The Rise and Fall of Stinky: Part I

The Manhattan Bridge in black and white

Photo courtesy of George Lezenby / flickr

The Street is a place of triumph – and the scene of many tragedies. While there are some successes, there are more failures. Many people on the Street have gifts and talents. Many of them could have been poets, musicians, doctors, lawyers – maybe even president.  

However, the temptations of life suck them in rapidly, like fast money, power, women and drugs. These things are like an irresistible minnow on a fishhook. They bite the baited line and they are caught. No matter how much they fight, they fall into the abyss.  

These hard lessons of the street can be painful and lead you to ruin.  

Stinky’s is one such tale. He is the drunk you see today, stumbling around mumbling with a bag of liquor. Stinky has lost everything, including his sanity. He can be found on a park bench, at the bus station, or hanging around any liquor store. Many see Stinky as a low-life crud ball, and some tolerate him by giving him a few dollars so he will just leave the corner.  

Stinky is comfortable on the Street. He can’t wait for the soup truck to come and feed him. He no longer wants responsibility; he has the freedom to be lazy and trifling. He no longer bathes. He doesn’t groom himself or brush his teeth. Sometimes he gets so hungry he eats out of trash cans. He doesn’t want help because it messes with his drunkenness.  

Stinky’s case isn’t uncommon. He is a drunk who doesn’t know what the bottom is. His family has turned their backs on Stinky. His wife left him and sent divorce papers, his kids are ashamed of him, and he is currently unemployable. The Street life has grabbed a hold of another soul.  

Stinky didn’t start off in this condition. He wasn’t even called Stinky, once upon a time. He came from a loving family. The father was a stockbroker, the mother a nurse. The parents taught their children the importance of education, hard work and self-reliance.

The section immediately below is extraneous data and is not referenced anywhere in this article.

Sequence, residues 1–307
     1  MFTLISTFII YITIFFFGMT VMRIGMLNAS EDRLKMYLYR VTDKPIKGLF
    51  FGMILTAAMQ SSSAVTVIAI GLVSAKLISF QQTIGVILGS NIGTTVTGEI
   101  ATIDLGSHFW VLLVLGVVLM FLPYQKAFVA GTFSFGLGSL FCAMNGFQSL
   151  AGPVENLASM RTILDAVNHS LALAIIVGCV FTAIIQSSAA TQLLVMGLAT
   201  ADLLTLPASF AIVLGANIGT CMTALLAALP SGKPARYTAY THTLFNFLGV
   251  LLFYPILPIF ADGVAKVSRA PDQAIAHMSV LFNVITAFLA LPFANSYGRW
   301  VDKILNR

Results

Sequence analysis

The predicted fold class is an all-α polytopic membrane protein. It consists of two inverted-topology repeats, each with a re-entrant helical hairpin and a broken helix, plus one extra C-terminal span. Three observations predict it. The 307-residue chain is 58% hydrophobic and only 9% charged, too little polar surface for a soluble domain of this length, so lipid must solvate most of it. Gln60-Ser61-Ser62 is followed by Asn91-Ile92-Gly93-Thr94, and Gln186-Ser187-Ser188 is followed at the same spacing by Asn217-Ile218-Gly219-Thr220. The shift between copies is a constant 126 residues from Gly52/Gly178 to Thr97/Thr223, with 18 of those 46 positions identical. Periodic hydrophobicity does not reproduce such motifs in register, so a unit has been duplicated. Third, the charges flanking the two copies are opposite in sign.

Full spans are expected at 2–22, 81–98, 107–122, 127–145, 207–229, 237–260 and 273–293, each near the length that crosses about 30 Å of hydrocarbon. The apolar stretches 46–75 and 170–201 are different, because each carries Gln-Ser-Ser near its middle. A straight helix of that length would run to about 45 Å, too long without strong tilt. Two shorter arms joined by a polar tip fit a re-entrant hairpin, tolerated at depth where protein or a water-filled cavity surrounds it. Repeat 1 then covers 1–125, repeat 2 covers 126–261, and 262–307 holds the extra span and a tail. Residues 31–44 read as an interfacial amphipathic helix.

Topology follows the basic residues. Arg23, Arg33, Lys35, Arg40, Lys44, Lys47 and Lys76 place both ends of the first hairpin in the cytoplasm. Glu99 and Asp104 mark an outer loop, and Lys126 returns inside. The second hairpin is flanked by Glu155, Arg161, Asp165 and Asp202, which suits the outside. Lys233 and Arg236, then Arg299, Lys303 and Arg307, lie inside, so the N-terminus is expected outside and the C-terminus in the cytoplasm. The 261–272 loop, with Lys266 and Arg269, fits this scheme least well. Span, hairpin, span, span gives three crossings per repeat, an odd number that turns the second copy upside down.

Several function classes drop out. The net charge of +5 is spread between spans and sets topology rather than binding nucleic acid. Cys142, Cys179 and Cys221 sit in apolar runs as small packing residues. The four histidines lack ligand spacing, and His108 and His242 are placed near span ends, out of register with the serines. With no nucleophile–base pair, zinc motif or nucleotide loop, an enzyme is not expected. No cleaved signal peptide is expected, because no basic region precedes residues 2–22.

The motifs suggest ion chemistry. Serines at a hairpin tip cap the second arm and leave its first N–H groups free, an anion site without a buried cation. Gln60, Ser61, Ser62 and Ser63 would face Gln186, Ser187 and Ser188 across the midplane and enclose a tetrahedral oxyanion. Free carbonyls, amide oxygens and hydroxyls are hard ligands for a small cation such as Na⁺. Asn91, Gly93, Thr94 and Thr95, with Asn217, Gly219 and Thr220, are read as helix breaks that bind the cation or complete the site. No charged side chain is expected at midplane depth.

But Stinky was a rebellious child who hated discipline and instruction. He was born the middle child, so he got lost in the competition for his parents’ affection. They would neglect their son, who was shy and had low self-esteem. One day they went on a trip and left the boy in the house all by himself. He noticed the old record player in the living room. Underneath was a bottle of Night Train and some albums like Marvin Gaye’s “Let’s Get It On” and Sly and the Family Stone’s “Take You Higher.”  

The ten-year-old took a swig of Night Train straight. He gagged and thought adults were weird for drinking alcohol. But within a few minutes he became intoxicated. He started feeling confident and brave, his shyness went away. He had a feeling he never felt before. He thought drinking touched his inner core being, and he started drinking more. He got twisted for the first time and started vomiting. When he woke up his head started pounding. He had his first hangover and started looking for more liquor.  

Soon he learned how to drink without vomiting. Sometimes he would black out but he loved listening to blues and drinking alcohol. He loved being buzzed and drunk.  

Drinking changed him from a shy person to someone who was gregarious and affable. He would find ways to buy the 12-pack for his crew. So everyone loved him, because he supplied the alcohol.  

He graduated from high school and went to college and instantly was the big man on campus. He was the leader of frat parties and hazing, and alcohol still made him popular. And even though he drank a lot he graduated from college.  

He moved to New York. He was nervous and scared but he soon noticed all the bars in Manhattan. He found one just like his hometown and it became his watering hole.  

Coming Soon: Part II: The Rise and Fall of Stinky 

Jeffery has been a vendor for nearly two years and is originally from New Jersey 

Issues |Addiction|Health, Mental

information about New Signature, a Washington DC tech solutions and consulting firm


email updates

We believe ending homelessness begins with listening to the stories of those who have experienced it.